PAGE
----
ChatGPT-parent OpenAI has decided to reduce the prices for its new GPT 3.5 Turbo mode. The company also declared its intent to launch a new breed of embedding models and fixes to combat “laziness” in existing models.
What Happened: OpenAI plans to unveil the new GPT-3.5 Turbo model next week. The model will see significant reductions in both input and output costs, with input costs slashed by 50% to $0.0005 per thousand tokens and output costs down by 25% to $0.0015 per thousand tokens.
The price cuts aim to help OpenAI’s customers scale their operations, especially as ChatGPT is being increasingly used to handle larger amounts of information and text, reported Business Insider.
The price reductions may also be a result of the company’s efforts to enhance and streamline its models in recent months, given the growing competition in the API community.
OpenAI also plans to roll out an improved version of the GPT-4 Turbo preview model, which is more advanced than its predecessors, and includes a fix for a bug that led to “laziness.”
“Today, we are releasing an updated GPT-4 Turbo preview model, gpt-4-0125-preview. This model completes tasks like code generation more thoroughly than the previous preview model and is intended to reduce cases of ‘laziness’ where the model doesn’t complete a task. The new model also includes the fix for the bug impacting non-English UTF-8 generations,” the company said in a blog post on Thursday.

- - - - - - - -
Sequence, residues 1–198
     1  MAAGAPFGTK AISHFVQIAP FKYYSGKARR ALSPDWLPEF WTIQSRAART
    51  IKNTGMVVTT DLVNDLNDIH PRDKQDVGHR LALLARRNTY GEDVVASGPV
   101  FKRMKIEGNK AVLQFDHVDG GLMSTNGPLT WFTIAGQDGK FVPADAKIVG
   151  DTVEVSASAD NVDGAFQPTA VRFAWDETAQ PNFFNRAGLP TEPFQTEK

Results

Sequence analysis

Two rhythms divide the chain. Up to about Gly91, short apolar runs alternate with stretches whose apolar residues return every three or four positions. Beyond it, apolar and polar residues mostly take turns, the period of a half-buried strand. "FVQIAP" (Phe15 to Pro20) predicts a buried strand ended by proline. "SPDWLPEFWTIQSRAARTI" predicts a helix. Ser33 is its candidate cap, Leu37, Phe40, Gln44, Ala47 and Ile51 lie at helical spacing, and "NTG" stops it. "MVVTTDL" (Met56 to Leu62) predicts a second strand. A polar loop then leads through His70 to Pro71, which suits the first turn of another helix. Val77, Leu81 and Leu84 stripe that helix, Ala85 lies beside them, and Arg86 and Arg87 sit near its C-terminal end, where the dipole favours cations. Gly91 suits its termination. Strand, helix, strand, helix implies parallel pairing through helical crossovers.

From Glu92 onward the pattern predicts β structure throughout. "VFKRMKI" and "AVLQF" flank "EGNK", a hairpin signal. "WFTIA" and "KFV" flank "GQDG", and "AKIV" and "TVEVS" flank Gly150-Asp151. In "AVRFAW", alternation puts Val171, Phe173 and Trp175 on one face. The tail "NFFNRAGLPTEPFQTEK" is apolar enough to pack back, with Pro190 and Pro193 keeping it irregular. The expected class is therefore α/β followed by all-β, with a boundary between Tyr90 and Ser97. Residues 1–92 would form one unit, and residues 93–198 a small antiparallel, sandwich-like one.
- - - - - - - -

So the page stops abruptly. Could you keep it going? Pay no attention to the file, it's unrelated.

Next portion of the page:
The announcement came roughly three weeks after OpenAI commenced sign-ups again for its subscription model, ChatGPT Plus, which offers more features to monthly subscribers.
Why It Matters: OpenAI has been pushing the envelope in AI technology recently, with CEO Sam Altman reportedly in talks with global investors to garner funds for a network of semiconductor factories to address chip shortages for AI applications.
Earlier this month, it was also reported that OpenAI had launched initiatives to combat misinformation during crucial global elections, demonstrating a significant stride in dealing with the misuse of artificial intelligence in the democratic process.
OpenAI also issued a new framework in December last year that granted its board of directors the power to overturn decisions made by the leadership, including CEO Altman.
Check out more of Benzinga’s Consumer Tech coverage by following this link.
This content was partially produced with the help of Benzinga Neuro and was reviewed and published by Benzinga editors.
Photo via Shutterstock.